Interaction of Discharges in Heptane with Silicon Covered by a Carpet of Carbon Nanotubes


  • These researches were carried out within the framework of the Associated European Laboratory: “Laboratoire d'Interaction Plasma – Extrême Surface (LIPES)” supported by the CNRS. J. Ghanbaja is greatfully acknowledged for HR-TEM images.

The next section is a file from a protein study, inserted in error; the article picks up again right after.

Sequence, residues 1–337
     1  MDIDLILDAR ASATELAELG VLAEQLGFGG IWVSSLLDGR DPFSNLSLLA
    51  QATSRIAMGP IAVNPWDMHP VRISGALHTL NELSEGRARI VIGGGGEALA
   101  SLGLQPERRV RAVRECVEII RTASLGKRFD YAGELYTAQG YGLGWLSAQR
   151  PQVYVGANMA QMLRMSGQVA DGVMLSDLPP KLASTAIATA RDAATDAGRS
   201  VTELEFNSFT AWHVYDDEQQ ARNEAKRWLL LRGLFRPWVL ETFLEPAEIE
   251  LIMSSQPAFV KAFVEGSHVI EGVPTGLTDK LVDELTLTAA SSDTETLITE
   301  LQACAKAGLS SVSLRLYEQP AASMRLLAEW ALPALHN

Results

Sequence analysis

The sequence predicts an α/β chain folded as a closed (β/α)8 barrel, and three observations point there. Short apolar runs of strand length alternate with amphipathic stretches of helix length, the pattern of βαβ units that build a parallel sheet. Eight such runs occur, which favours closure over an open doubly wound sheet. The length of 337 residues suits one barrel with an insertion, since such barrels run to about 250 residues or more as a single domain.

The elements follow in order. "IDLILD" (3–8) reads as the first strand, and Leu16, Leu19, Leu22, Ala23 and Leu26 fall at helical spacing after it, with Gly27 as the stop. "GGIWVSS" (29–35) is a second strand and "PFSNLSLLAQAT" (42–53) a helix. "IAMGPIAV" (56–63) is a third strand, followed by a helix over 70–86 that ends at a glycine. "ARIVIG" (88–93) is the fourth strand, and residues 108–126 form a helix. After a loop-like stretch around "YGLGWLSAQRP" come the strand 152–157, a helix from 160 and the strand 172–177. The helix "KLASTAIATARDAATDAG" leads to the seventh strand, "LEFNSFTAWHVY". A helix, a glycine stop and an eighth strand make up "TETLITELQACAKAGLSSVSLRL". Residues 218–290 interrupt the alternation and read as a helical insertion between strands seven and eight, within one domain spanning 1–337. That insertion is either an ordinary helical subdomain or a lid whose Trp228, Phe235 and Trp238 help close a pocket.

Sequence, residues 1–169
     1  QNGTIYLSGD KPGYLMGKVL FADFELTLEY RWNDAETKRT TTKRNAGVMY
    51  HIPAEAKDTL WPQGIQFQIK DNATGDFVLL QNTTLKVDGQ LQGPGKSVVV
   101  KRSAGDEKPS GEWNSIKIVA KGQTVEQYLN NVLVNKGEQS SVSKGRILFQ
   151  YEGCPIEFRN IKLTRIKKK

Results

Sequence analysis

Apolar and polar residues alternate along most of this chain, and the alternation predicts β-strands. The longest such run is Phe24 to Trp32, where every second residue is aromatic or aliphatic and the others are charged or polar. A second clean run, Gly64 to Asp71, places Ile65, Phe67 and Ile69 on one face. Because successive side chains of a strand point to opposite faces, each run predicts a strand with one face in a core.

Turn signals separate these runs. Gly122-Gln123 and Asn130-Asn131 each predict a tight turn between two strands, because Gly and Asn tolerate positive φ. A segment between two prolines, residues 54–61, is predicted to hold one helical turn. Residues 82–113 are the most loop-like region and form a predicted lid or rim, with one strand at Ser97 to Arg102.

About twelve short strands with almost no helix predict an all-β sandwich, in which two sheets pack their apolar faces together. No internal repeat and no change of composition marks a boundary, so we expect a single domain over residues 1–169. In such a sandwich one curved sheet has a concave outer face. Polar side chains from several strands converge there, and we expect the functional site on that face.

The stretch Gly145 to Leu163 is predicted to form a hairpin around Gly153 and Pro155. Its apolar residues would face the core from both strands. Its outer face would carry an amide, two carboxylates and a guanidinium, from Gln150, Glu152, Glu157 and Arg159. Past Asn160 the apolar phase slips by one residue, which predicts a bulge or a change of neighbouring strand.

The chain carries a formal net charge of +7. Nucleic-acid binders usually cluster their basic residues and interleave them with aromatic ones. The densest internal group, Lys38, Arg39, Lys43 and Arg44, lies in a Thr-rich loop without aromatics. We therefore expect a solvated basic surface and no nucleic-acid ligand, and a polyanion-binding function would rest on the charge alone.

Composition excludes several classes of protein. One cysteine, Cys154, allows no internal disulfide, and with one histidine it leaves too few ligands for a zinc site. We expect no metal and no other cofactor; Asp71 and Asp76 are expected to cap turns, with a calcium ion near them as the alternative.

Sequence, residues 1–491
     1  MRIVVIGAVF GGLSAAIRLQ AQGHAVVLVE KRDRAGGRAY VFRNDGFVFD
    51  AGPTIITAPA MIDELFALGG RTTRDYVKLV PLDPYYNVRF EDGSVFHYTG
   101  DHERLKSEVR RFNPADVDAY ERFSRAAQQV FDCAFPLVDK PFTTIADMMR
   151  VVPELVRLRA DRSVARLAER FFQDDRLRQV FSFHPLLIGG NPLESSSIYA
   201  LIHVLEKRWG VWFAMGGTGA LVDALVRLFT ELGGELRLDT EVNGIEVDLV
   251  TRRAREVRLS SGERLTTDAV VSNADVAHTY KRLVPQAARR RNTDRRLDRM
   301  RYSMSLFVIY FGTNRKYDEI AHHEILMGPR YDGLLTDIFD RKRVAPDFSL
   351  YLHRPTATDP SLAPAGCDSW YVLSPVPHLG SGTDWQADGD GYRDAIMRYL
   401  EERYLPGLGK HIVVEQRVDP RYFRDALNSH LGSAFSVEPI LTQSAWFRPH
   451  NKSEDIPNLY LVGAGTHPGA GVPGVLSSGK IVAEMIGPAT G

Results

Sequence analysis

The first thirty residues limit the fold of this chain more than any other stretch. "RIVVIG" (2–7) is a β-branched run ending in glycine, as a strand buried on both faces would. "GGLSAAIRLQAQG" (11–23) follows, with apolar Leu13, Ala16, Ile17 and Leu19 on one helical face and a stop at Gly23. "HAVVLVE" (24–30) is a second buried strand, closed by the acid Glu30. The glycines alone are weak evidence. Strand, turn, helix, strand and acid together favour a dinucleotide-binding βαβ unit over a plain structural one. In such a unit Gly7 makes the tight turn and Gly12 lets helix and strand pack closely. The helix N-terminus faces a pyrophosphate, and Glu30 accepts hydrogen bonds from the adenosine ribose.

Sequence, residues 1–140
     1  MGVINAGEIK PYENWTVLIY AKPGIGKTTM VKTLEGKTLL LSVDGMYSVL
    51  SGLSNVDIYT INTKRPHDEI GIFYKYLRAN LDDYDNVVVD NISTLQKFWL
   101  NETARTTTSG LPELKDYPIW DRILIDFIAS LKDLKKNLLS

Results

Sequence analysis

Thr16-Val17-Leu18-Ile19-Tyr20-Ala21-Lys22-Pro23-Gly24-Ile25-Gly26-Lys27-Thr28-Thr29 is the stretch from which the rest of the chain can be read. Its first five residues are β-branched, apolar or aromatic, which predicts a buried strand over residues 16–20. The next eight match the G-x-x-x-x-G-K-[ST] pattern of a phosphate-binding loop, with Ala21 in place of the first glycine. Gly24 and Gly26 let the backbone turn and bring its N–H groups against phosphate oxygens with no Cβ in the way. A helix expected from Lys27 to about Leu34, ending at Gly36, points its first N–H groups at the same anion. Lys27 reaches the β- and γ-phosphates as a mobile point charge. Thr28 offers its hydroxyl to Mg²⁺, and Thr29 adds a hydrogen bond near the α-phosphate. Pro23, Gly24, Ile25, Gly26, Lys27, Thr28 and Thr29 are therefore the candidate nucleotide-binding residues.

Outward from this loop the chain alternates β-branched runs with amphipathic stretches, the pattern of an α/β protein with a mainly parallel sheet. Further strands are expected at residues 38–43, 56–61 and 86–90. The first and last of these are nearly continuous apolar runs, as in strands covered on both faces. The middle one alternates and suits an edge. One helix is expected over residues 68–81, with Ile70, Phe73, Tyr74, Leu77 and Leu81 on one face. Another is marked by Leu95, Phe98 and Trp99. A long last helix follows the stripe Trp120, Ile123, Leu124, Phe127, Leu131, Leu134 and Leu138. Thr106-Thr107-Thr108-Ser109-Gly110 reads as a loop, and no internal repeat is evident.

Discharges in heptane in pin-to-plate configuration are produced between a platinum wire and a (100)-oriented silicon wafer coated by a carbon nanotube (CNT) carpet. This carpet is used to simulate the behavior of a nanostructured surface in electro-discharge machining (EDM) where small protrusions on the surface could play a similar role. CNTs behave like simple electrical conductors between the discharge and the silicon wafer. They act as if they would focus the current on smaller areas. The average diameter of impacts is about five times smaller if the silicon wafer is coated by a CNT carpet. The underlying silicon surface is heated by the plasma and melts, forming a central spot surrounded by a serrated trailing edge. The current density being about one order of magnitude larger when a CNT carpet is present, the induced magnetic field stirs the molten silicon, creating serrations all around the impact. Hot nanoparticles of carbon coming from the plasma fall and roll randomly on the silicon surface where they create wavy micro-channels. Nanowires that are detached from the surface are covered by nanoparticles of platinum in the plasma and embedded within an amorphous carbon layer deposited on the nanotube. However, these effects can only be observed if the current density is high enough (>≈10 A µm−2 depending on the material) like in micro-EDM but not in nano-EDM.